Once complete, I labored for about an hour, letting her progress naturally down into the birth canal.  I started pushing at 5am, after around 6 pushes, she arrived at 5:35am. Ellie Grace Hancock was born at 7.9 ounces, 18.5 inches long.  From the time we left our home to the time she was born, it was less than 3.5 hours.  Ellie’s birth was such a different experience than Jonah’s, but both equally rewarding.  She is such a blessing to our family, and makes our family complete in so many ways.

Our family
Jonah meeting his sister
Jonah sharing his blanket with Ellie
sweet sibling kisses
all ready to go home!

our baby girl's shower


This past Saturday my dear friend, Stephanie, hosted a baby shower for our sweet baby girl. The shower setting was beautifully perfect.  It was equipped with my favorites--stargazer lillies, fresh fruit, an abundance of delicious oreos (the top contender in the line up of cravings I've had) , and a common theme (pulled from the vision of her room) of soft coral and mint green colors.  

Friends and family gathered outside on this gorgeous day to help celebrate with me.  One of the activities held was to write down wishes for the baby.  Among many tears of joy and happiness, they were all read out loud--a very special memory I will always cherish. 

We laughed, took photos, played 'baby bingo' and opened gifts.  By the looks of things, her wardrobe is getting to be bigger than mine!  Did I mention there was yummy cake, too?! I thoroughly, and clearly enjoyed it!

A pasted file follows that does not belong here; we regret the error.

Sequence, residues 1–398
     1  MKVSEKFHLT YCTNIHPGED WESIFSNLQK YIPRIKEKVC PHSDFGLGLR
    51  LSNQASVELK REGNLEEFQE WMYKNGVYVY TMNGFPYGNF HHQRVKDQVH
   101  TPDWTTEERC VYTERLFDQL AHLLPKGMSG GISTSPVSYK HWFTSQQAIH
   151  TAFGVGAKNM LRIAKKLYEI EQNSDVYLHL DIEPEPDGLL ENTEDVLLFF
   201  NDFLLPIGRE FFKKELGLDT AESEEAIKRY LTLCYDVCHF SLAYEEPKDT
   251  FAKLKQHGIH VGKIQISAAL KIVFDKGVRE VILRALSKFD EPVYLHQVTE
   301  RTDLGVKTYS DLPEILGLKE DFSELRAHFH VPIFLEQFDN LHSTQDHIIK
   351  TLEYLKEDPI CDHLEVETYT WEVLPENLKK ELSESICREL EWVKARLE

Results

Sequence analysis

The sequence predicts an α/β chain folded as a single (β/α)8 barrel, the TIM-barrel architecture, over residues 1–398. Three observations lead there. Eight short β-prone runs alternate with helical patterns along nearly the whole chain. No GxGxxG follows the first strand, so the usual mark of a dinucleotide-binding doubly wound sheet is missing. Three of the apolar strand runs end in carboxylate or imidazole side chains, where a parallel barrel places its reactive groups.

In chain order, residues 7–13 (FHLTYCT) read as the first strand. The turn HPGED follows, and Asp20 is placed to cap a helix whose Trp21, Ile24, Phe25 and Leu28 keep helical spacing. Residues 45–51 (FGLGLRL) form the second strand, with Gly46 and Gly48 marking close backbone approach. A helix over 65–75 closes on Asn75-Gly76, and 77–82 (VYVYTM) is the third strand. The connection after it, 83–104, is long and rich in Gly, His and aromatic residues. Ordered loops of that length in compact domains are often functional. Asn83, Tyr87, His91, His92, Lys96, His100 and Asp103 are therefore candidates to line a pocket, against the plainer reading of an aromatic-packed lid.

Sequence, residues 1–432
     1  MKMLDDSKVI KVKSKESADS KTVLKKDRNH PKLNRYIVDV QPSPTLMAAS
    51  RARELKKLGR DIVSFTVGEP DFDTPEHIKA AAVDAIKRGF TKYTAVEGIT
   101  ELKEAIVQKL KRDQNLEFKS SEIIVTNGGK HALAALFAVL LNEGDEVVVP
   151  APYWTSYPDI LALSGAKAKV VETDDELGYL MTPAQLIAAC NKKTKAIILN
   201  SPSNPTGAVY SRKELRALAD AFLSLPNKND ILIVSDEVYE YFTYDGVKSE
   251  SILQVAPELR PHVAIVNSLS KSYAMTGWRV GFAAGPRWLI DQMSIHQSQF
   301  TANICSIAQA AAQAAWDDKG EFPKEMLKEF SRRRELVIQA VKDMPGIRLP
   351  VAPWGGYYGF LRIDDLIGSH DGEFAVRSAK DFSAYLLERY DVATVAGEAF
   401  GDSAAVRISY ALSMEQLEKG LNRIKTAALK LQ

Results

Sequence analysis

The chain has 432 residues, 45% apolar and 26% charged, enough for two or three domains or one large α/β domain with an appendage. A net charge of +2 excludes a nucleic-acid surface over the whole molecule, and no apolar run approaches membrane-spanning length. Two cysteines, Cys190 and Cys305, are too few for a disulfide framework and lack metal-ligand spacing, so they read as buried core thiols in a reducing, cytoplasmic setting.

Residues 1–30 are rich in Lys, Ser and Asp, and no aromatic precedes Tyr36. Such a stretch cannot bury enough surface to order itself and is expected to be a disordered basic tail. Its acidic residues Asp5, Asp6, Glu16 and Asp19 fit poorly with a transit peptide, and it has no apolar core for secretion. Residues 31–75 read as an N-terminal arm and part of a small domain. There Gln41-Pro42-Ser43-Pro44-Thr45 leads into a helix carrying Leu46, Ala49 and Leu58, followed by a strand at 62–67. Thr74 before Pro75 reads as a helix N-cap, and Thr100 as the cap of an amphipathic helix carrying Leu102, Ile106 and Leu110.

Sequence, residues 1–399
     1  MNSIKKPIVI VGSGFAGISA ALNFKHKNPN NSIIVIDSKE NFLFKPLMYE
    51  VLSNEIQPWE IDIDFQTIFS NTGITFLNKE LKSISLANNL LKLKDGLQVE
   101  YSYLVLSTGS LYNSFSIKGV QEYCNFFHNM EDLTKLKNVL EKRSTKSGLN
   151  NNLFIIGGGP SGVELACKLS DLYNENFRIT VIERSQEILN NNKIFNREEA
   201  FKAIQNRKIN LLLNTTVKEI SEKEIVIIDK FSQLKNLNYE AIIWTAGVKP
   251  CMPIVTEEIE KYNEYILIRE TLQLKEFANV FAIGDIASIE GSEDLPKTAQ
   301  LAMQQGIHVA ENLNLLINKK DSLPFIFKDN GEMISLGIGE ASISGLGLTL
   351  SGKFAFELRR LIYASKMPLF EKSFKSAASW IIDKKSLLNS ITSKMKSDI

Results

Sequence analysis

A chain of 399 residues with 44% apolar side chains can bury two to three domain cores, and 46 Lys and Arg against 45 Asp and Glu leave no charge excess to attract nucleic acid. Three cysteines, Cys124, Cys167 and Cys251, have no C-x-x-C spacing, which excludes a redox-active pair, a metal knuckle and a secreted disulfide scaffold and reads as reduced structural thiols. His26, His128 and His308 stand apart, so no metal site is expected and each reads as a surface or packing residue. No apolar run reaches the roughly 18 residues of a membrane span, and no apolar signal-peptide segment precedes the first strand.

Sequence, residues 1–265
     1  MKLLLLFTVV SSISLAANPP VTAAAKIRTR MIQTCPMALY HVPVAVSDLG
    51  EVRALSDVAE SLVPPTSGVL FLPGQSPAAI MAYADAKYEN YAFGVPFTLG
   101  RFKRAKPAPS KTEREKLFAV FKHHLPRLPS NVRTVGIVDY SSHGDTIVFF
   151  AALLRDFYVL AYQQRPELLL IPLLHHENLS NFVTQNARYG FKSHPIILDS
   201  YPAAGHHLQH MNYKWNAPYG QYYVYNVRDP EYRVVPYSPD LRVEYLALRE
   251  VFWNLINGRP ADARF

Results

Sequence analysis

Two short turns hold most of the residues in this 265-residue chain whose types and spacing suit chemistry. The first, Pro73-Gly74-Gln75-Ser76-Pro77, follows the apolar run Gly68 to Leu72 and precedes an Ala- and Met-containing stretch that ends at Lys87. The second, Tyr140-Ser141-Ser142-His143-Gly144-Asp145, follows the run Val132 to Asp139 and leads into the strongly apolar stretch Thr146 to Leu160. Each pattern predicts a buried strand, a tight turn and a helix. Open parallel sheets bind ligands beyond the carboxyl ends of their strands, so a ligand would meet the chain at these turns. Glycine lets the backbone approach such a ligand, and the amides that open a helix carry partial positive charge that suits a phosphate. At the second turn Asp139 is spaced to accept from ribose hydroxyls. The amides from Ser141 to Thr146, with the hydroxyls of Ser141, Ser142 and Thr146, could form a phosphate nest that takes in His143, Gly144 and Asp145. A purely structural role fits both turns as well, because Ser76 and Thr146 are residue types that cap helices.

This day is one for the books.  Being surrounded by such love and support made me even more excited for the upcoming arrival of our baby girl. My hope for her is that she will have a similar foundation of friends and family that love and support her in her life's endeavors.  

An un-tampered faith


Yesterday, I read a really good article on how becoming a mother gives us way to review or discover our own faith composition.   I quote her in saying, ‘when babies start growing up, you begin thinking about everything you believe—how it matters, how it transfers, how the responsibility of passing things on suddenly bears weight.’  There have been several times where I find myself feeling guilty, knowing I probably haven’t yet set a good foundation needed for Jonah to learn about God. Yes, I've bought books, we pray every night, and I try to constantly remind him how much Jesus loves him.  I worry I have let my own frustrations about church and my own doubts get in the way of allowing him the opportunities to discover who Jesus is-- where the trees come from, hear the stories, sing songs,  and recite bible verses that I reviewed so many times while growing up in various church activities, camps, and Sunday school.